A warrant of fitness (WoF) is a regular check to ensure that your vehicle meets required safety standards.
It’s your job to keep your vehicle up to WoF condition at all times. For example, while tyres on your vehicle may pass on the day of your warrant inspection, you’ll need to replace them as soon as the tread gets to the minimum depth. If you wait until the next inspection before replacing them, you increase your risk of having a crash or receiving a fine.
When are WoFs required
- New vehicle that’s never been registered (Wof is issued for three years)
- Registered less than two years ago (third anniversary of when it was first registered)
- Registered more than two years ago, but less than three years ago (WoF is issued for 12 months)
- Registered on or after 1 January 2000 (WoF is issued for 12 months)
- Registered before 1 January 2000 (WoF is issued for 6 months)
Where can you go for a WoF
There are roughly 3200 WoF Agents in New Zealand. Be careful when you decide which agent to use, a cheap WoF can sometimes be dangerous.
Why do we need a WoF
It is illegal to drive a vehicle without a valid WoF. This will occur if..
You can drive your vehicle on the road under these circumstances only when taking it somewhere for repair or to get a new WoF - providing it’s safe to do so.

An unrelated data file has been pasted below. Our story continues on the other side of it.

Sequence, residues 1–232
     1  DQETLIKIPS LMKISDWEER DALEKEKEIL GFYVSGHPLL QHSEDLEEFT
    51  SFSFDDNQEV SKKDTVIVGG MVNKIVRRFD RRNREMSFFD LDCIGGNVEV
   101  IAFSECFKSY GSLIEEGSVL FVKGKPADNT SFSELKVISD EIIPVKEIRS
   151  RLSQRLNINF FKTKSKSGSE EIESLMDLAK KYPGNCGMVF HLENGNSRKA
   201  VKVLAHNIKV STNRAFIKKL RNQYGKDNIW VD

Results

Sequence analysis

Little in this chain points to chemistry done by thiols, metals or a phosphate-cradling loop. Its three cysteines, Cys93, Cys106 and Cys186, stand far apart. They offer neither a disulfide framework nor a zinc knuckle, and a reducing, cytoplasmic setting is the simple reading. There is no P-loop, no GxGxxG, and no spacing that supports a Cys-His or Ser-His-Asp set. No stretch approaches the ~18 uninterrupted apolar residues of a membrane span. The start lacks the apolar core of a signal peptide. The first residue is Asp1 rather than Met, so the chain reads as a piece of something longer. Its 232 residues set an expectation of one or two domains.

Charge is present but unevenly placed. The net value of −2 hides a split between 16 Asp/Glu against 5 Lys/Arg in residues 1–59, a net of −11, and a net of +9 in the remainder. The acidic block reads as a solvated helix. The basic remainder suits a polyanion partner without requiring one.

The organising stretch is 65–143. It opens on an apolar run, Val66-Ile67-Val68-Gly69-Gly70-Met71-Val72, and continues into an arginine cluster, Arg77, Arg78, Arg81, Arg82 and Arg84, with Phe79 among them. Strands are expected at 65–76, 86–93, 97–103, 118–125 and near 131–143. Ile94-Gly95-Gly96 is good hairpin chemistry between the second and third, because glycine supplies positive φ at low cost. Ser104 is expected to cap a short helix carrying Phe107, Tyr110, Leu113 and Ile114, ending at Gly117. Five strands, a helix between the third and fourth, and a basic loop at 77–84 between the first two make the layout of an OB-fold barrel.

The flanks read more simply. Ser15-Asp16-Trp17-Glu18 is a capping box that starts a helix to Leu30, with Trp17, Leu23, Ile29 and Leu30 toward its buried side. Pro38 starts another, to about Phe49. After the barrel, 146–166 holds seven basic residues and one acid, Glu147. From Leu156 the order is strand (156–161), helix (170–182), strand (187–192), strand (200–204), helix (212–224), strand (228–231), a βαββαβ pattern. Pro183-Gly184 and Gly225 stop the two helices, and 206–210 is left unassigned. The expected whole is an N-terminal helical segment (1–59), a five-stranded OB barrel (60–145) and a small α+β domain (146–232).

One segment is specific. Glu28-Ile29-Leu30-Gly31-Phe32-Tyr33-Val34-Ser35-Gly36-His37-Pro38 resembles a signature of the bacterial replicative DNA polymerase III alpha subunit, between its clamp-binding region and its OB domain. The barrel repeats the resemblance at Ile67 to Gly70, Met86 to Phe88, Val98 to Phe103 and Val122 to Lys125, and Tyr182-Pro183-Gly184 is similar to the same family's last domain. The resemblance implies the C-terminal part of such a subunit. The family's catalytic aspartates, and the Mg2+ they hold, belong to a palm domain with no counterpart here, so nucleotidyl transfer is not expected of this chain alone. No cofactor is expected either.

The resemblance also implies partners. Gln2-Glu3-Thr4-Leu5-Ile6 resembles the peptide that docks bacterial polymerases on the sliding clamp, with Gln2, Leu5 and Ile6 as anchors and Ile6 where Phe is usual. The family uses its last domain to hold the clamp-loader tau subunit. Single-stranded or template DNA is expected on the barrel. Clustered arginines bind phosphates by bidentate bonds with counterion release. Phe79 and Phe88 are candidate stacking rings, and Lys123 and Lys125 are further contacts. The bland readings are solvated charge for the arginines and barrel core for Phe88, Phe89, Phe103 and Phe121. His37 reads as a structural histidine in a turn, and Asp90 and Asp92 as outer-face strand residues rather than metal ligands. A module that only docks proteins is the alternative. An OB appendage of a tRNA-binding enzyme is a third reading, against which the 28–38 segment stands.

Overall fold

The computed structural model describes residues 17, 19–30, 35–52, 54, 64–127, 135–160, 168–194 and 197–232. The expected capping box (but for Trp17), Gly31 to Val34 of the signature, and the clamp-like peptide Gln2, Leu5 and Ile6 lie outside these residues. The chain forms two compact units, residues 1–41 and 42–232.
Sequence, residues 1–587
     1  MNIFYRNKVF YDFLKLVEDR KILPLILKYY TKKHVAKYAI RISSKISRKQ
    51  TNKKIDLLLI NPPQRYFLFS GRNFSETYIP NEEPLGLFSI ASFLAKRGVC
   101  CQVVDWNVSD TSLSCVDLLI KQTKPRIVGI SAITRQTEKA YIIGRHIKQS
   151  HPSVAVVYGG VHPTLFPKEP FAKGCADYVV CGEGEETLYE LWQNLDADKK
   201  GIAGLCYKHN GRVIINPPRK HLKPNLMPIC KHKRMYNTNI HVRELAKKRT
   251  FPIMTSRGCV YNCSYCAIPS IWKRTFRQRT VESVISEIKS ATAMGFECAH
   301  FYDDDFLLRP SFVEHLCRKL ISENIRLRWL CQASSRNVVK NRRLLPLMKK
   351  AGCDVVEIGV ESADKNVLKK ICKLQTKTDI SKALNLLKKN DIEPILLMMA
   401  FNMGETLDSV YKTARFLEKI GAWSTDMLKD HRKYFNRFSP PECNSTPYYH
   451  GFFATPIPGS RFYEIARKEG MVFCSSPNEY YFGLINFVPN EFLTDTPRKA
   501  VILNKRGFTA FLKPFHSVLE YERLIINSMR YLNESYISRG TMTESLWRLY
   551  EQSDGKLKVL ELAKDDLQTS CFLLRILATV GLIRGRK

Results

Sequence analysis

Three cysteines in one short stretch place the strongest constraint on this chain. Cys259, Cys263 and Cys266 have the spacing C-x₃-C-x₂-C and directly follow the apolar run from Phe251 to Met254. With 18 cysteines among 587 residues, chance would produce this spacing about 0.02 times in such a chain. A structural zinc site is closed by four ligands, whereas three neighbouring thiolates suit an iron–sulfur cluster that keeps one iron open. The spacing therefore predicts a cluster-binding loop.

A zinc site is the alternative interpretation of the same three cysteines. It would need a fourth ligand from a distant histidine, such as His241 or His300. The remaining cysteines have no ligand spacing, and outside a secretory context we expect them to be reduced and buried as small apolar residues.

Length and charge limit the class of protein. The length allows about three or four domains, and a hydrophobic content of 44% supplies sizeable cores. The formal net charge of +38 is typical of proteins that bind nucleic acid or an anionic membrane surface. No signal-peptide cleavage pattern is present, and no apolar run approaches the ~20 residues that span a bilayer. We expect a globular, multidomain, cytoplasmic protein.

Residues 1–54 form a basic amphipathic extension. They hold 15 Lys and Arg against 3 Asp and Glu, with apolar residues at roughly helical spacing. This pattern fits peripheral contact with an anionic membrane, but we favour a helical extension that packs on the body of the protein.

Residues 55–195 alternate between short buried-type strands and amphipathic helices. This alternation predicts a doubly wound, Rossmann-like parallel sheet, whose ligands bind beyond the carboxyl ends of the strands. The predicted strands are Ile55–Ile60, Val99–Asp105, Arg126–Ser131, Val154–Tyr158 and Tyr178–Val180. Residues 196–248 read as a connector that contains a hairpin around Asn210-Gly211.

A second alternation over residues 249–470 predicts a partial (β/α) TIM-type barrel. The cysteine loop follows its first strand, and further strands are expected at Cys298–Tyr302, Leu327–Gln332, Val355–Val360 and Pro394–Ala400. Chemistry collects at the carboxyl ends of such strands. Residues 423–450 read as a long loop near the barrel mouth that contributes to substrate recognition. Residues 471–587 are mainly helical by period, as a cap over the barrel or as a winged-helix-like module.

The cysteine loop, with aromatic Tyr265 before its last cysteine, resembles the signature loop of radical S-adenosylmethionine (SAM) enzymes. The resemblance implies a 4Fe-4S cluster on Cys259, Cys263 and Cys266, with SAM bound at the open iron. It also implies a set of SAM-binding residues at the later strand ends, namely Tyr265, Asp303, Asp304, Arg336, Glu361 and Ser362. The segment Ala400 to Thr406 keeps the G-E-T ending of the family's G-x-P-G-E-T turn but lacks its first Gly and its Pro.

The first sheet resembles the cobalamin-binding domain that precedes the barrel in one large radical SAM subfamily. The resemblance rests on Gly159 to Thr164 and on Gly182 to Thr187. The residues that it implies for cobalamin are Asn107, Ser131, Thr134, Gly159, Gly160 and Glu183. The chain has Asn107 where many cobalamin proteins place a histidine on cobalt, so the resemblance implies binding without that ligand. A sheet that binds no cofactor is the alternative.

What is inspected during a WoF
The WoF inspection is a general safety check. The aspects checked are set out in our Vehicle inspection requirements manual(external link) (VIRM) and include:
- tyre condition (including tread depth)
- brake operation
- structural condition (rust is not allowed in certain areas)
- glazing (is your windscreen safe?)
- windscreen washers and wipers
- doors (do they open and close safely?)
- safety belts (must not be damaged or overly faded; buckles must work properly)
- airbags (if fitted)
- speedometer (must be working)
- steering and suspension (must be safe and secure)
- exhaust (there must be no leaks and the exhaust must not be smoky or louder than the original exhaust system)
- fuel system (there must be no leaks).
If you’ve modified your car, motorcycle, van or other light vehicle you may need a low volume vehicle certificate.